2020 electorate will be more diverse than ever

Whether they differ by gender, age, ethnicity, or partisan leanings, next year’s voters will be more varied than ever before.

The growing number of Democrats running for president in 2020 are a diverse group of candidates. But they won’t be as diverse as the people voting for them.

According to projections from the Pew Research Center, a higher number of those who will cast votes for president next year will be younger than their counterparts in past presidential election years. There will be more eligible Latinx than African-American voters. And because of an increased number of naturalized citizens, one in ten voters will have been born outside the United States.

Nonwhites will account for a third of eligible voters — their largest share ever — driven by long-term increases among certain groups, especially Hispanics. At the same time, one-in-ten eligible voters will be members of Generation Z,  the Americans who will be between the ages 18 and 23 next year. That will occur as Millennials and all other older generations account for a smaller share of eligible voters than they did in 2016.

These projections from Pew — long considered the gold standard of polling research — are just that, based on demographic trends. But if the 2018 midterm election taught us anything, it taught us that conventional wisdom about certain voting habits and voting trends from past elections don’t necessarily apply anymore. The old polling models of who votes and in what numbers need a major overhaul.

Too bad pundits — and some candidates — haven’t learned that lesson.

It’s perfectly fine and even logical to look at traditional factors when trying to decide what voters are looking for in a 2020 presidential candidate. Although no one can predict who will show up on Election Day in 2020 (and who will cast ballots in the growing number of states with early and mail-in voting), exactly who those voters will be seems to be the most important factor of all.

The 50.3 percent voter turnout rate in 2018 hit a 50-year high for a midterm election, with 118 million certified votes. In 2014, turnout was 36.7 percent, the lowest turnout in 72 years. The 50-plus percent number is still lower than the average turnout in a modern presidential election, which usually ranges somewhere in the high 50th percentile — from 55.7 percent in 2004 to 61.6 percent in 2008.

Nevertheless, voter turnout in 2018 delivered some clues on new voting habits, and the voting shifts are worth noting. Voter registration surged in several states with key races, especially in the number of new young voters up to age 40. Much of that upsurge came after the mass shooting at Marjory Stoneman Douglas High School in Parkland, Florida, one year ago.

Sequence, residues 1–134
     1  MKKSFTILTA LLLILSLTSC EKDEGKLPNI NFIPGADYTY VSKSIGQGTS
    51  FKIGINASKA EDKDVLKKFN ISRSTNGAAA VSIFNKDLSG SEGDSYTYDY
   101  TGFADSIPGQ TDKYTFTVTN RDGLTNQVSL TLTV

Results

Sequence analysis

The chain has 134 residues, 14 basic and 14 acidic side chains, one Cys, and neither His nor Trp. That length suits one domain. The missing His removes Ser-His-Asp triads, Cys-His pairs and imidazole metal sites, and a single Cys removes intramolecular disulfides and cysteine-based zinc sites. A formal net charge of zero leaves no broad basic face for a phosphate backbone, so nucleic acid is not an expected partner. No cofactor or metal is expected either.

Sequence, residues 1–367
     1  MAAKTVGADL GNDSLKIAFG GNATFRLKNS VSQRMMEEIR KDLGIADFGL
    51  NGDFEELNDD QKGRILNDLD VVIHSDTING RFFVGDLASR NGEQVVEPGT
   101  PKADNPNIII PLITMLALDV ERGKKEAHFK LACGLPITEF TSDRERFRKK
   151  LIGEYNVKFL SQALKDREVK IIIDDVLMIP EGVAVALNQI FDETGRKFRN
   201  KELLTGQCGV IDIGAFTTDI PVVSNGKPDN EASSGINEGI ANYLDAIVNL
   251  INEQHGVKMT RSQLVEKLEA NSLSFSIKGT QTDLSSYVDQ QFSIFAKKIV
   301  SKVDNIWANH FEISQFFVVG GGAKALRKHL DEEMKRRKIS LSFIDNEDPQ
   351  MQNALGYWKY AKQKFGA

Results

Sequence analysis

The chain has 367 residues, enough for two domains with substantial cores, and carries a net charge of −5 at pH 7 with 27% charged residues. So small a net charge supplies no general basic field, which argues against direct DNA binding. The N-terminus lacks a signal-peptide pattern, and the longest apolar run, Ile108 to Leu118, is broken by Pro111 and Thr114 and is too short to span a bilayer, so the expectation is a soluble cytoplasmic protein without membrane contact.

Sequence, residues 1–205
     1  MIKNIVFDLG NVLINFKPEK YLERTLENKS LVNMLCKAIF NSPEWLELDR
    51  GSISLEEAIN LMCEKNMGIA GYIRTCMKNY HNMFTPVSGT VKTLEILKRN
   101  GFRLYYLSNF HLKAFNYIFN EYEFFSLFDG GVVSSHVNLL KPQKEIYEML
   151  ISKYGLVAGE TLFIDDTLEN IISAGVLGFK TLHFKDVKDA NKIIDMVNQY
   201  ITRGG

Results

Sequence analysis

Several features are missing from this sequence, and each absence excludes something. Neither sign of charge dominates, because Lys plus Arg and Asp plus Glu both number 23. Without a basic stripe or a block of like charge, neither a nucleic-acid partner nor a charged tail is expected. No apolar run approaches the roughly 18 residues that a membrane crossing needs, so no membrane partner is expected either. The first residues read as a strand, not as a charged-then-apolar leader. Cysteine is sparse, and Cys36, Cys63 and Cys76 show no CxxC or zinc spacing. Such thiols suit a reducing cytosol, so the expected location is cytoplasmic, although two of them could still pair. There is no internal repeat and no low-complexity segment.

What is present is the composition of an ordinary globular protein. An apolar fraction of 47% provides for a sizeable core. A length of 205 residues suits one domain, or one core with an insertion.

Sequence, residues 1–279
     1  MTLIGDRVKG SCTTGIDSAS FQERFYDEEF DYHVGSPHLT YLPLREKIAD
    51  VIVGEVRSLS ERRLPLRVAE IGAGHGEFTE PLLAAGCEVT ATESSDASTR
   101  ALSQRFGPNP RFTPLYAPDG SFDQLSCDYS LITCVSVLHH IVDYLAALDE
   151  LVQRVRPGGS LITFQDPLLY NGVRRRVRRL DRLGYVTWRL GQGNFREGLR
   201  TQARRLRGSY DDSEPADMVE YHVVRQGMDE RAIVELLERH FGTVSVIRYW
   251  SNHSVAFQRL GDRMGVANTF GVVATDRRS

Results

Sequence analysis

These factoids are from a compilation story by Bloomberg on voter numbers:

  • Voter turnout increased in House races across the country from 2014 to 2018. The vast majority shifted left.
  • Turnout from 2014 to 2018 increased in every district except two.
  • State election laws can influence turnout (see election results in Georgia, North Dakota, etc.).

Lots of factors can weigh on whether someone votes, but the biggest reason for high turnout in 2018 likely has more to do with the national political climate than local races and candidates.

“The obvious explanation is Donald Trump,” said Michael McDonald, associate professor of political science at the University of Florida who also runs the United States Election Project. “That really spurred an interest in politics—and whether you love him or hate him, you’re showing up to vote because you want to have your say.”

While it’s true that members of Trump’s base wanted to have their say, an even greater number of those who disapprove of Trump wanted to have their voices heard. We’ve seen these voting results reported many times since November 2018, but if you voted then, you probably will vote in 2020. According to another set of data from Pew Research about 2018:

  • The gender gap in voting preference is not new, but it is at least as wide as at any point over the past two decades.
  • Women college graduates stand out for their strong preference for the Democratic candidate.
  • Whites with less education — particularly men — supported the Republican.
  • Majorities of voters ages 18 to 29 (67%) and 30 to 44 (58%) favored the Democratic candidate.